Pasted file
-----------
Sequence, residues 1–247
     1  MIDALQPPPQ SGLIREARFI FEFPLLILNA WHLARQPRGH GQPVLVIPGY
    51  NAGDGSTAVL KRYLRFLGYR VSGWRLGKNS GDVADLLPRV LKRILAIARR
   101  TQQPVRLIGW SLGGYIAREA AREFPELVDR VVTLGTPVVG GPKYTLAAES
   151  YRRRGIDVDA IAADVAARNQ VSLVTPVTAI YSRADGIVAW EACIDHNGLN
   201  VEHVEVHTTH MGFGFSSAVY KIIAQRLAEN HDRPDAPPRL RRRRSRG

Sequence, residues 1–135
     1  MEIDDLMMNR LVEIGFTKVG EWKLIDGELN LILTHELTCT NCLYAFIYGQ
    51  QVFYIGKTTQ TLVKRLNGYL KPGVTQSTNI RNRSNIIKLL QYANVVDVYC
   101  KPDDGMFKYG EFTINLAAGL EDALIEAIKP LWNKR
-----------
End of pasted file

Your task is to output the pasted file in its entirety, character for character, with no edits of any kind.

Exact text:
Sequence, residues 1–247
     1  MIDALQPPPQ SGLIREARFI FEFPLLILNA WHLARQPRGH GQPVLVIPGY
    51  NAGDGSTAVL KRYLRFLGYR VSGWRLGKNS GDVADLLPRV LKRILAIARR
   101  TQQPVRLIGW SLGGYIAREA AREFPELVDR VVTLGTPVVG GPKYTLAAES
   151  YRRRGIDVDA IAADVAARNQ VSLVTPVTAI YSRADGIVAW EACIDHNGLN
   201  VEHVEVHTTH MGFGFSSAVY KIIAQRLAEN HDRPDAPPRL RRRRSRG

Sequence, residues 1–135
     1  MEIDDLMMNR LVEIGFTKVG EWKLIDGELN LILTHELTCT NCLYAFIYGQ
    51  QVFYIGKTTQ TLVKRLNGYL KPGVTQSTNI RNRSNIIKLL QYANVVDVYC
   101  KPDDGMFKYG EFTINLAAGL EDALIEAIKP LWNKR